Chancellor of the Exchequer George Osborne has announced that he will present a "Budget for working people" on 8 July. It will be the first all-Tory budget since 1997.
Writing in The Sun, Osborne – who presented his last joint Tory-Lib Dem budget only a few weeks ago - said: "I am going to take the unusual step of having a second budget of the year - because I don't want to wait to turn the promises we made in the election into a reality ... it will be a budget for working people."
Without giving too much away, the Chancellor, who has still to inform Parliament of the date, said his budget will focus on welfare reform, especially laying out details of how the government will cut £12bn from benefits.
Other measures are expected to include making savings across all governmental departments, while increasing spending on the National Health Service and closing tax avoidance loopholes, which is expected to raise £5bn for the nation's coffers.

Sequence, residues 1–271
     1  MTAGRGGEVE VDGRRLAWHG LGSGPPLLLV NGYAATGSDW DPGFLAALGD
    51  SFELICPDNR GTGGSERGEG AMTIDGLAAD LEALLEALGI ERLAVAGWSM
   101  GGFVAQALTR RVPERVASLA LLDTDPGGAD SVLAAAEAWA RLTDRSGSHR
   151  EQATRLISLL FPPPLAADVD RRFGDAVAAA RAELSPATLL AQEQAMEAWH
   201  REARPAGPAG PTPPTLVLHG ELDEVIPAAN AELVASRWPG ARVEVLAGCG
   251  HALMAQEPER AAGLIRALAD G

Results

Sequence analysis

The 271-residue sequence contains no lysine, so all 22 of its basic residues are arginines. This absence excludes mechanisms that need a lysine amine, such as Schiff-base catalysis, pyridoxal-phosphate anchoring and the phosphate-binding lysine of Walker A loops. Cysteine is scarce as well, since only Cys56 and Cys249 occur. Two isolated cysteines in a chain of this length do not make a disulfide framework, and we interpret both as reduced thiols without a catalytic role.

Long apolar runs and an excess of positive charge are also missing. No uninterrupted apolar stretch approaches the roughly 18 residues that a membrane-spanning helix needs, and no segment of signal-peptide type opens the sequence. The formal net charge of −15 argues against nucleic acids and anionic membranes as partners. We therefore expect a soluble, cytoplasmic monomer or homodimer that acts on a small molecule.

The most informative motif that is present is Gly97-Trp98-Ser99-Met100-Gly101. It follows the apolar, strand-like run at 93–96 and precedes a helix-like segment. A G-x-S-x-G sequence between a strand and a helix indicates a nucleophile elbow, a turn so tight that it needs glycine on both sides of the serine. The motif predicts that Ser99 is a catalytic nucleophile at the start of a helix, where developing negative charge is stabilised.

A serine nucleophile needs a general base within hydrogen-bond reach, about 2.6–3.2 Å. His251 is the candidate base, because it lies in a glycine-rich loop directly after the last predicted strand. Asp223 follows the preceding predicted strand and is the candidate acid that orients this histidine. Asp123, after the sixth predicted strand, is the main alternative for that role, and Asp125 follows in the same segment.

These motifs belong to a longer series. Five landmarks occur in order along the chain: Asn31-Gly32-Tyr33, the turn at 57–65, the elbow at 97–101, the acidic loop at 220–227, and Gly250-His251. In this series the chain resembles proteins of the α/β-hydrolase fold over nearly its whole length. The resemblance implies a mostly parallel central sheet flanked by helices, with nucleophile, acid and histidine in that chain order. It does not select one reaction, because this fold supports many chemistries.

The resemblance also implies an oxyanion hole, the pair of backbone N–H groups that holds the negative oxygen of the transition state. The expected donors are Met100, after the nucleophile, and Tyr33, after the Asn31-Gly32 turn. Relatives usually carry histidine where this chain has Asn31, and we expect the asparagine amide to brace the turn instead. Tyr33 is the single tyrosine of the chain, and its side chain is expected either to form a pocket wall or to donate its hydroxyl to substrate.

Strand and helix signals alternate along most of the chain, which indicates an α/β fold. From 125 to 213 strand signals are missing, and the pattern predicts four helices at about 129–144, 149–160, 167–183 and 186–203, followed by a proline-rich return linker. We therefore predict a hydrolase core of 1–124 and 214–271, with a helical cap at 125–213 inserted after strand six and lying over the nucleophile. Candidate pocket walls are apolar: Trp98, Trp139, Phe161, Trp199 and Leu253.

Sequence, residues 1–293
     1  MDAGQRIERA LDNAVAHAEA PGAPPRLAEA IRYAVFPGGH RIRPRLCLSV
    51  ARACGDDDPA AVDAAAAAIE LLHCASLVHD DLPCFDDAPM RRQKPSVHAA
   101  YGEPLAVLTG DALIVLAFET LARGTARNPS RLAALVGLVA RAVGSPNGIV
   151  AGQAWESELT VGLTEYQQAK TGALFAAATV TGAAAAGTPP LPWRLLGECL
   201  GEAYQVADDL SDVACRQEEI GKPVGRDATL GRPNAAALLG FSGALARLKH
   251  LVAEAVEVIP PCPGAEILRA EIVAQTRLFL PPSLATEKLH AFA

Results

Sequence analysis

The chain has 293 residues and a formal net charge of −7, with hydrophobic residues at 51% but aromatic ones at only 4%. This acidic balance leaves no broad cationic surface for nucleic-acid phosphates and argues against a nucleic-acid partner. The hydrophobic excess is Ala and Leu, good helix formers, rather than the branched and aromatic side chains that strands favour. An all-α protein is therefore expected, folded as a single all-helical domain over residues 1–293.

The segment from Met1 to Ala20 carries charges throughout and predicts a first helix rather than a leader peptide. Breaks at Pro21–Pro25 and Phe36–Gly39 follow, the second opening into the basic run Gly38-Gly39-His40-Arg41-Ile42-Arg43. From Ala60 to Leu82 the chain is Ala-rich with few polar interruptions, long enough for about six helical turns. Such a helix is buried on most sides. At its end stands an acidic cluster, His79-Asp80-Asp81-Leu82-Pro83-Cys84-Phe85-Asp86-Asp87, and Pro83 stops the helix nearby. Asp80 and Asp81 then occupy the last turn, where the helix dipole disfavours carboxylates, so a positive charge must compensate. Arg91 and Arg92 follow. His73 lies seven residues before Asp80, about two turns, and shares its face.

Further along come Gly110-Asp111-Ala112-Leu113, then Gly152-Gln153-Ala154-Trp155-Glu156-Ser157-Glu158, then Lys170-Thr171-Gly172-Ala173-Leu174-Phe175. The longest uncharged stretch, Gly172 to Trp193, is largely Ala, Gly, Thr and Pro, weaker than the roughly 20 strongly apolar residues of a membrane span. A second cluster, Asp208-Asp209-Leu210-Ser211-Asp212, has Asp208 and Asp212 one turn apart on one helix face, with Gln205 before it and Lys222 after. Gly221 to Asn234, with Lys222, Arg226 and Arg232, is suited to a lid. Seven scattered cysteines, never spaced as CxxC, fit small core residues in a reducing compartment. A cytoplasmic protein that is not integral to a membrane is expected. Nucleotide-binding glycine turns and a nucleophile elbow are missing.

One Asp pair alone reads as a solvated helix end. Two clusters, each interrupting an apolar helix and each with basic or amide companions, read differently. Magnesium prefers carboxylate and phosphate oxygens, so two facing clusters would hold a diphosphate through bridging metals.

Before the 7 May election, Osborne and Prime Minister David Cameron pledged not to raise VAT or income tax. They also made a manifesto promise to raise the personal income tax allowance to £12,500 a year and raise health spending to £8bn above inflation.
The Chief Secretary to the Treasure, Greg Hands, has already told ministers to present plans for departmental cuts by the beginning of July.
One Whitehall insider was quoted in the Financial Times that the deep cuts would be made in those departments with non-ringfenced budgets, such as justice, local government and transport.
"It is all going to be very bloody indeed," he told the FT. "The civil servants are already getting busy on this."